HELP! AGING PARENTS–REALLY HELP!!

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MY HEADING AND SIDEBAR DISAPPEARED FROM THEIR ASSIGNED PLACES!

I found the header in my image file and got it this far. But my priority, before I realized something happened to my blog, was to remember our Veterans on this Veteran’s Day, November 11, 20013.

While searching to find my sidebar and its information, and wondering if my technical expertise would allow me to get the header back in place, I stop, catch my breath, and think about what our veterans–past and present–have endured and the sacrifices they have made to protect our freedom.  This newly-weird blog layout is a gnat’s eyelash in the scheme of things, when compared the importance of this day.  So I’m focusing on what’s most important right now–celebrating and commemorating those brave individuals, many of whom are aging parents and grandparents.

WWII vets help unveil Medal of Honor postage stamp   In addition to the parades taking place throughout the country, the Medal of Honor postage stamp is issued today. Click above link. Today’s NY Times, had the obituary of one WWII Medal of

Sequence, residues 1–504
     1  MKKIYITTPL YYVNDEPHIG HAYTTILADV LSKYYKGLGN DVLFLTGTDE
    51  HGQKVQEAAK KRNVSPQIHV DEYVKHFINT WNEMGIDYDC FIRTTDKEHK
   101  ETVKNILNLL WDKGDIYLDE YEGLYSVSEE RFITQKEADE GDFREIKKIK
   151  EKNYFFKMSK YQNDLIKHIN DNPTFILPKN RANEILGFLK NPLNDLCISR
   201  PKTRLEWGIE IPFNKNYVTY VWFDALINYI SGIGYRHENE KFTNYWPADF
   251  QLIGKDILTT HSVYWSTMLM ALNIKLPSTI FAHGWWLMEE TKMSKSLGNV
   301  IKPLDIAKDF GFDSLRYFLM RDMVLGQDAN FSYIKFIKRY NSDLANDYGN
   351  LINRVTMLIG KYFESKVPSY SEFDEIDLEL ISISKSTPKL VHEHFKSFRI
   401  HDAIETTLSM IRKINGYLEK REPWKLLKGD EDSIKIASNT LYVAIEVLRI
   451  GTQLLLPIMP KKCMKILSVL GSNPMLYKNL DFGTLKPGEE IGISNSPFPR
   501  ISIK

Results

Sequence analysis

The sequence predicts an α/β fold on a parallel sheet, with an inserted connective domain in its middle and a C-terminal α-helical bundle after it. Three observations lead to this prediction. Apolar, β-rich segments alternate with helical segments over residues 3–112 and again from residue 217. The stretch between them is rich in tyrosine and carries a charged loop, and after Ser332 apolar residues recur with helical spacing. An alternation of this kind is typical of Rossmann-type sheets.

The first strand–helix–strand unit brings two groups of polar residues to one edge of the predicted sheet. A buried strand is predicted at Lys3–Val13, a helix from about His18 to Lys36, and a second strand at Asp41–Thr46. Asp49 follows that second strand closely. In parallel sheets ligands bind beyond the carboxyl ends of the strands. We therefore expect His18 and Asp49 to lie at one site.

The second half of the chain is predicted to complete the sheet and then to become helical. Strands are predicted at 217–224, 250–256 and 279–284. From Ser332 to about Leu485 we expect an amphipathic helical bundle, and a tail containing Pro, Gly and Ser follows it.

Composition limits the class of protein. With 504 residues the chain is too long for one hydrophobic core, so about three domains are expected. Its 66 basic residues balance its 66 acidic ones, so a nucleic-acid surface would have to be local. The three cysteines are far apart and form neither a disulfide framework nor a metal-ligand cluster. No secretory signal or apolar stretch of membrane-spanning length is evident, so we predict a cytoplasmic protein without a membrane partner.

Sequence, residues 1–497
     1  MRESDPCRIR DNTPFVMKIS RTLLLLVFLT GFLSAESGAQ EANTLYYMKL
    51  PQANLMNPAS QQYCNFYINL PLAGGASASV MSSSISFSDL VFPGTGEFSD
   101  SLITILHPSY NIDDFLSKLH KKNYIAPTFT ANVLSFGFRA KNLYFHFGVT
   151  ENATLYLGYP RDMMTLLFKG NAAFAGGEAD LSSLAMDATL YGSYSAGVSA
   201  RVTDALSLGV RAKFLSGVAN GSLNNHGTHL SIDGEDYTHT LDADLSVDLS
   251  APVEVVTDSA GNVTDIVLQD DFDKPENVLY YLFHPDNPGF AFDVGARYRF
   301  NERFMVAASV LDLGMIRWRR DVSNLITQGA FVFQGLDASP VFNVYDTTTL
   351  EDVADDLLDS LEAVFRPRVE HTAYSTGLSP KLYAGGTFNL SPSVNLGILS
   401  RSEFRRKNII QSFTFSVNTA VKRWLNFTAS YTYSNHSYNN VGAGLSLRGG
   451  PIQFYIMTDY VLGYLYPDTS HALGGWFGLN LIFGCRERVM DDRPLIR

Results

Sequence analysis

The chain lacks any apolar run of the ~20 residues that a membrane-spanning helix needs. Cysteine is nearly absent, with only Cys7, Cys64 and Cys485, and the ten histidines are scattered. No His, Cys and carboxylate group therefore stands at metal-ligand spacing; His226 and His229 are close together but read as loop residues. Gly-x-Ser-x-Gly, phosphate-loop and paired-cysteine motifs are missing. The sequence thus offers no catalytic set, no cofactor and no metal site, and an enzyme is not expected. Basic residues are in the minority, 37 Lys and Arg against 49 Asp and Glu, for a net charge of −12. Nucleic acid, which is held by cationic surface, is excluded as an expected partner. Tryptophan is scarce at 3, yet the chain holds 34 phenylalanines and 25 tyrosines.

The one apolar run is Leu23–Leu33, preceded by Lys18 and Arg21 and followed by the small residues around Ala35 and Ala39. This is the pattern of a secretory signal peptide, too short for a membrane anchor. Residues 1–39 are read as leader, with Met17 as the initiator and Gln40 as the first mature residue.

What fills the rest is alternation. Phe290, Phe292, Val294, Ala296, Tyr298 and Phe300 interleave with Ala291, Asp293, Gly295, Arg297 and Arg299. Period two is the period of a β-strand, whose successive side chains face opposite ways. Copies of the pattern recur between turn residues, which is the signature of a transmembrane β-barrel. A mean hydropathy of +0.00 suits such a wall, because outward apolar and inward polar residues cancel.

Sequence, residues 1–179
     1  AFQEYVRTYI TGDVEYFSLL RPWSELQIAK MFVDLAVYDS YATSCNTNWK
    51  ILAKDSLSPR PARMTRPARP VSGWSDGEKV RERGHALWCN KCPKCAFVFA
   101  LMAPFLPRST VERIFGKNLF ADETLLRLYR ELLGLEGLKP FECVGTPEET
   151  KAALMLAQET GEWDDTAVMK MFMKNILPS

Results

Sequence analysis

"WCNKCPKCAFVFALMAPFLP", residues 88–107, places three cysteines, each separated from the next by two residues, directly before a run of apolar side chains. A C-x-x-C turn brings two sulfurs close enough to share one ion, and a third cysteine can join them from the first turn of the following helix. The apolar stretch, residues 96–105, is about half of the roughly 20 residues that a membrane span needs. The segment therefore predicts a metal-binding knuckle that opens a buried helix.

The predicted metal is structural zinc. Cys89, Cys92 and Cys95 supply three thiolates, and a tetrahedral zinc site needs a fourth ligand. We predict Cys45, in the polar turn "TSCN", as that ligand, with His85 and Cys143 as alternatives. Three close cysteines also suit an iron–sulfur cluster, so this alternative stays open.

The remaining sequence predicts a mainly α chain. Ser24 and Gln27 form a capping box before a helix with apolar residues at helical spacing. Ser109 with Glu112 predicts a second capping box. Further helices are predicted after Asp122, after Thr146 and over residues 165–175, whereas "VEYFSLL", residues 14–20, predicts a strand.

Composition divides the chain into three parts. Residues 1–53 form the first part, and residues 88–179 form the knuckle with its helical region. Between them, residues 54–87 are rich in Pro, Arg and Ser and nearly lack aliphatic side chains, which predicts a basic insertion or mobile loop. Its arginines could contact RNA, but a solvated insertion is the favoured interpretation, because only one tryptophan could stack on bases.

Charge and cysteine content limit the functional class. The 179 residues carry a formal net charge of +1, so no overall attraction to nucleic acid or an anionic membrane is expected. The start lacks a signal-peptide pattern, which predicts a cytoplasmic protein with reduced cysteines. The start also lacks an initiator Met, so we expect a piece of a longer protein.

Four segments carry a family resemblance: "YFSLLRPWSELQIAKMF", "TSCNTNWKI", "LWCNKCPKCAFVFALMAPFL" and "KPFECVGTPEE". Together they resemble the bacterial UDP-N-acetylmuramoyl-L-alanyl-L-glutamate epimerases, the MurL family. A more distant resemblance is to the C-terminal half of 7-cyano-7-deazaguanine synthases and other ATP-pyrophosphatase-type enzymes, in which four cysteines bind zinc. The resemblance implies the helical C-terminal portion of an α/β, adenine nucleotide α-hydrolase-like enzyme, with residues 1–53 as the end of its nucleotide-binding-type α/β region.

George Sakato, a Medal of Honor recipient from World War II, gestures at his portrait after helping unveil a new postage stamp dedicated to MOH recipients from WWII on Veterans Day, Nov. 11, 2013 in Washington, D.C. The U.S. Postal Service issued the stamp in honor of the last 12 living medal recipients from the war, although only eight were living at the time of the ceremony.
C.J. Lin/Stars and Stripes

Honor recipient, John Hawk, 89, of Bremerton, WA. He died a week ago, November 4th. WWII Medal of Honor recipient, George Sakato of Denver CO., 92, is alive and speaks on the preceding video link.  Francis Currey, 88, living near Albany, NY is a 3rd Medal of Honor Recipient on the stamp, for valor in the Battle of the Bulge. New York City’s 94th annual parade was broadcast world-wide. Thousand of New Yorkers lined the streets and held signs that said “Thank You.”

I found George Sakato’s words compelling–testimony to the emotional impact and scars, so many decades later. They don’t go away.

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